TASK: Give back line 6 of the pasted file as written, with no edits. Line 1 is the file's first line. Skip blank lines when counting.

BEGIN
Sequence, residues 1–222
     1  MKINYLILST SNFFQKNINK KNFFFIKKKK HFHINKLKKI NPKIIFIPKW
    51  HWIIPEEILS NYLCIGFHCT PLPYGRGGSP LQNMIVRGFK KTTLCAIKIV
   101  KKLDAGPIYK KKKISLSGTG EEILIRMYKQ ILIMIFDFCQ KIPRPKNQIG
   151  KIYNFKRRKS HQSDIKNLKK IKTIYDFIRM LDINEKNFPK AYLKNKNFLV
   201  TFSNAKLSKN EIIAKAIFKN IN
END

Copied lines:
   201  TFSNAKLSKN EIIAKAIFKN IN